By Roger Neil
In 2006 I proposed to English Heritage that they put up one of their Blue Plaques in London to the music hall legend, Florrie Forde. They were enthused and started the apparently long and arduous task of researching her life and work and homes.
Florrie was born in Melbourne, Australia, in 1876 and ran away from home at sixteen to Sydney to go on the stage. There she was seen by a British star of the day who was touring Australia, GH Chirgwin and, encouraged by him, moved to London, where she made her debut at three separate halls on the same evening.
Her inexhaustible vocal power and engaging personality equipped her ideally to become queen of the music hall chorus-song – amongst them “Down at the Old Bull and Bush”, “Hold your hand out, naughty boy”, “She’s a lassie from Lancashire”, “Oh!Oh! Antonio”, “It’s a long way to Tipperary”, “Pack up your troubles in your old kit bag”, “Daisy Bell” (Daisy, Daisy, give me your answer do…), “I do like to be beside the seaside”, “Fair, Fat and Forty” and many more. She was also a famous Principal Boy in panto and starred in the first Royal Variety Performance in 1912.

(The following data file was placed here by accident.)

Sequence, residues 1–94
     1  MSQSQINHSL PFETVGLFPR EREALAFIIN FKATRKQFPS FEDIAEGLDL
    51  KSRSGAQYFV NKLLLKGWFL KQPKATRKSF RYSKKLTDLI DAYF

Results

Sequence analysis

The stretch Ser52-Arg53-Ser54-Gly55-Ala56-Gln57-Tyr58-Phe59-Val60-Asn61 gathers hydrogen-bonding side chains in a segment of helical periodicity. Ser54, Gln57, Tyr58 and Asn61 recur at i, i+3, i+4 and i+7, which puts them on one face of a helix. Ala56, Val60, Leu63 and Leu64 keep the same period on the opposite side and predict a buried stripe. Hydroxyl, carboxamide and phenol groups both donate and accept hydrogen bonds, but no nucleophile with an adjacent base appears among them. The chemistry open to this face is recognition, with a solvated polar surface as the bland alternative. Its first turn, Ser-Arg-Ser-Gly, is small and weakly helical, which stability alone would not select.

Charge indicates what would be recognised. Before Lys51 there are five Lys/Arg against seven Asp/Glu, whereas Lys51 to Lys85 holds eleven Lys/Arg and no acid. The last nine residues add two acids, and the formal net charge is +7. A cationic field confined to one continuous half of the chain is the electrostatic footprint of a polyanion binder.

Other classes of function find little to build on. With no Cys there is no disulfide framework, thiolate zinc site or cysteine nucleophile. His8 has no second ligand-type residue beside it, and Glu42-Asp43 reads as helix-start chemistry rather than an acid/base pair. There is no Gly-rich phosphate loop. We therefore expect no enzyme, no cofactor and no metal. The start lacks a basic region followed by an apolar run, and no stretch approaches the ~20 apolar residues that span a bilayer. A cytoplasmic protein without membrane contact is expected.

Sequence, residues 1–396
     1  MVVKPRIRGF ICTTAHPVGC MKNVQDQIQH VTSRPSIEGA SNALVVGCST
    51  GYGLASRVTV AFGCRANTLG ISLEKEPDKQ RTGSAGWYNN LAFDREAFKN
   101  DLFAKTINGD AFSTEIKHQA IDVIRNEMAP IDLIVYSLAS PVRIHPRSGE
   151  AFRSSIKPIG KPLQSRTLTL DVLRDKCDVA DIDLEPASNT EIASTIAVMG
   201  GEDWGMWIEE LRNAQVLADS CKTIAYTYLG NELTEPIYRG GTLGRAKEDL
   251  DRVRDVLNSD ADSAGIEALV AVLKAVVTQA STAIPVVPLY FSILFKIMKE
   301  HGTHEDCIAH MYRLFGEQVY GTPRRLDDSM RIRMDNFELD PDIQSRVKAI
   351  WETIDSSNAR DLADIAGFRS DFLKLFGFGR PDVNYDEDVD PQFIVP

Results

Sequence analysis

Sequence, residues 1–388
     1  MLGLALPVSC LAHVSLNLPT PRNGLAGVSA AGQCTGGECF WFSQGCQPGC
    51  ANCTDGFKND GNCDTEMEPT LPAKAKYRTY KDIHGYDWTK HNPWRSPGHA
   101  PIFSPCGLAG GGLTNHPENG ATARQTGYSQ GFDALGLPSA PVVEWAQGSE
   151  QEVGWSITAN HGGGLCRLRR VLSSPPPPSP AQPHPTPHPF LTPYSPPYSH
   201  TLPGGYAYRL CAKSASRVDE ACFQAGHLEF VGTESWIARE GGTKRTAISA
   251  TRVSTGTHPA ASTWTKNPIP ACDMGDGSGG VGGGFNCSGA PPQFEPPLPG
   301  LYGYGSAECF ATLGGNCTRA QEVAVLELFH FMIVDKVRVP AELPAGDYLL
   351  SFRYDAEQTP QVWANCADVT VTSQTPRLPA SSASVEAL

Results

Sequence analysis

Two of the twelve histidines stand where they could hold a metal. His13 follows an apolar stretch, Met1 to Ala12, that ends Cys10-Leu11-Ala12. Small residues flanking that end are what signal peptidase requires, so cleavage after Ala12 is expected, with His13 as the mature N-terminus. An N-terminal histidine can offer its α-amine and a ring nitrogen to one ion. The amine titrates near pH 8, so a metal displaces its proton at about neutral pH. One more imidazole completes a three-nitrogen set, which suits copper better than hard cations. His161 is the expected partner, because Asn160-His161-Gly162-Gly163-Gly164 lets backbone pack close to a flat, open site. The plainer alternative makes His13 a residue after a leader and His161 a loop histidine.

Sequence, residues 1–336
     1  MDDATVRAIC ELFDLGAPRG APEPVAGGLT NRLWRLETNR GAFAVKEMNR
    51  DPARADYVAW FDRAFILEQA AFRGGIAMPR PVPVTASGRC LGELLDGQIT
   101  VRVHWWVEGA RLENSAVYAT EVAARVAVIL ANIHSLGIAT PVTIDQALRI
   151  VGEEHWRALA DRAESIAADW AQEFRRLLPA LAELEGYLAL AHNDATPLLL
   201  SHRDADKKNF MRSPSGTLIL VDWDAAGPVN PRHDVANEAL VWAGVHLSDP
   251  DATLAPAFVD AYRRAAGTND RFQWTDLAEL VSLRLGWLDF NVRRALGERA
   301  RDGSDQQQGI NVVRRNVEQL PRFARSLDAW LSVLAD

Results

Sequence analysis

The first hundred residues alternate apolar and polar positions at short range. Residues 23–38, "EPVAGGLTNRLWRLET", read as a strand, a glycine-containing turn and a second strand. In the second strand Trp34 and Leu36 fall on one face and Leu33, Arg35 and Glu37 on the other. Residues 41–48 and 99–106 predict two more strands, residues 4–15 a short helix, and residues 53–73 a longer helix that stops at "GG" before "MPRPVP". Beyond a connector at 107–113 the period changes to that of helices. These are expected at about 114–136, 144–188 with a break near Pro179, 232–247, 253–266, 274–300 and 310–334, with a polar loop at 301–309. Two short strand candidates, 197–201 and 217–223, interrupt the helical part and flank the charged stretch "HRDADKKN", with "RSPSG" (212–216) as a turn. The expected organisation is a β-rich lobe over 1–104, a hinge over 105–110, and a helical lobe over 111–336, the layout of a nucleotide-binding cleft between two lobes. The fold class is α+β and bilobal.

Florrie Forde died in Aberdeen in April 1940 after entertaining wounded sailors. What a trouper. In his curmudgeonly poem, “Death of an Actress”, Louis MacNeice recalled her “elephantine shimmy” and “sugared wink”.
Here she is, very movingly, in the flesh:
Now, six years on from my original proposal, English Heritage has just dropped her from their shortlist, with the explanation that their budget has been cut and that anyway she lived mostly at Shoreham-by-Sea in Sussex. While she was working? I don’t think so.
And what took them six years to discover this? No wonder their budget has been slashed.